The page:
Noah - Movie Reviews - Rotten Tomatoes

Noah Reviews

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½ November 30, 2016
Thought the movie was decent until I sat back and thought about some of the flaws (most of which were addressed in everyone else's posts) but the one thing that stood out to me that I didn't see much mention of is the fact that the ancient relic that Noah had possession of was snake skin! Wtf! If nothing else, this alone destroys everything that the story stood for (or was supposed to stand for). Officially trash in my book.
November 25, 2016
Evan Almighty was truer to the original, and funnier. This one should have a different name... Perhaps "Evan?"
November 23, 2016
Pretty enjoyable even if you're not a believer. Stunning visuals and great acting from Jennifer Connelly.
½ November 19, 2016
A dramatic story that is an overly dramatic movie. Ridiculous subplots with little or no Biblical basis. Tedious and overly long. On the plus side, giant rock angels that would not seem out of place in the original 1981 Clash Of The Titans. So there's that.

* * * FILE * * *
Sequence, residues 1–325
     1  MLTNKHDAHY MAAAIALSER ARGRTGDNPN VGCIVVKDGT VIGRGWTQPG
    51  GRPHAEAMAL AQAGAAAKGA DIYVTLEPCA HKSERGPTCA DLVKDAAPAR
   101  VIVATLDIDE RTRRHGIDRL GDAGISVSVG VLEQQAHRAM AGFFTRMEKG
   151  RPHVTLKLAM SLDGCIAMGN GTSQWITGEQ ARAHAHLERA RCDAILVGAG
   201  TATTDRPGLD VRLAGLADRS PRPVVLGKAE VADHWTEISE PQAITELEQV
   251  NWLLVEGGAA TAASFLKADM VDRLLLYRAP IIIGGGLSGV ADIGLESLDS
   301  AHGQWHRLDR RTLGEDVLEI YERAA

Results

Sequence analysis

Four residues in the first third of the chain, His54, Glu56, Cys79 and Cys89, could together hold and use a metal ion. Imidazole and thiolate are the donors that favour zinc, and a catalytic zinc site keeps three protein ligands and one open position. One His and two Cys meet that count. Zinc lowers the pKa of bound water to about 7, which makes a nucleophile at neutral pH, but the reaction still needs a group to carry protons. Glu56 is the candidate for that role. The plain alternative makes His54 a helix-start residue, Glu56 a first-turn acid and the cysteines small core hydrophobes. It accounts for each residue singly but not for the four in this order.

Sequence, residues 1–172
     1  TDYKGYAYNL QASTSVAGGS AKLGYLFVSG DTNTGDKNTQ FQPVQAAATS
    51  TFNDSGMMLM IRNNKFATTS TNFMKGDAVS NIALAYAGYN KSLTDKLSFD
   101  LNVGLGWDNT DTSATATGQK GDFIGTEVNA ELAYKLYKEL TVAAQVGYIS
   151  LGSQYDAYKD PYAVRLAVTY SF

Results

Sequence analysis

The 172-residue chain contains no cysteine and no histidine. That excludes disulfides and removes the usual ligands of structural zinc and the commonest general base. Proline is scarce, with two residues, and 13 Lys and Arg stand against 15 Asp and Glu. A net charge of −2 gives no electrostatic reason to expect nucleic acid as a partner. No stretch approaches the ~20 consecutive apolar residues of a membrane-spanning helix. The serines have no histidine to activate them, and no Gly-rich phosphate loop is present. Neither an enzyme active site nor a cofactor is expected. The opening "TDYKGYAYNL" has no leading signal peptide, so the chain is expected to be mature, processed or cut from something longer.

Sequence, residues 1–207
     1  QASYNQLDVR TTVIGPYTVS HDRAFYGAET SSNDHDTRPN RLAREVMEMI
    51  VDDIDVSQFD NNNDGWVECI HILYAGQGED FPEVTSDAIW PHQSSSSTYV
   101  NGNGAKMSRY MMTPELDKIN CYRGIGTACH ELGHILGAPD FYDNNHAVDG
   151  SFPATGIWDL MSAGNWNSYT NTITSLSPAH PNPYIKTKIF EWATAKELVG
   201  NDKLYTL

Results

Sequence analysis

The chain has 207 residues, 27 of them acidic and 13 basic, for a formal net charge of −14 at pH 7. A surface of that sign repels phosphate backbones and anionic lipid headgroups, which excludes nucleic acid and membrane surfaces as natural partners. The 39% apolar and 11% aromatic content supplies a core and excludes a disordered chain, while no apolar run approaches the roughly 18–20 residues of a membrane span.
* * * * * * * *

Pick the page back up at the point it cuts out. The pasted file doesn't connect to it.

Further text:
½ November 18, 2016
zalama. awesome scenes. epic feel. dark tone with aronofsky's unique touch (2 viewings)
November 2, 2016
I think it's wrong to take scripture and have Hollywood make it their own with different twists.
½ October 15, 2016
The SiFi elements were unexpected in a Biblical Story. Although beautifully done, I don't think liberty should be taken when it comes to the Bible.The audience that comes to a Biblical film has certain expectations that weren't honored or taken into consideration here. I usually ,as an artistic person,love a creative take on an old story. Even though I'm more Spiritual than Religious, I watched thinking "how dare you mess with the Bible". I guess they must've played subliminal tapes over the intercom in my Catholic Grade School,cause I was suprised at my own reaction. It was beautifully done, but I was disappointed because it was not what this story deserved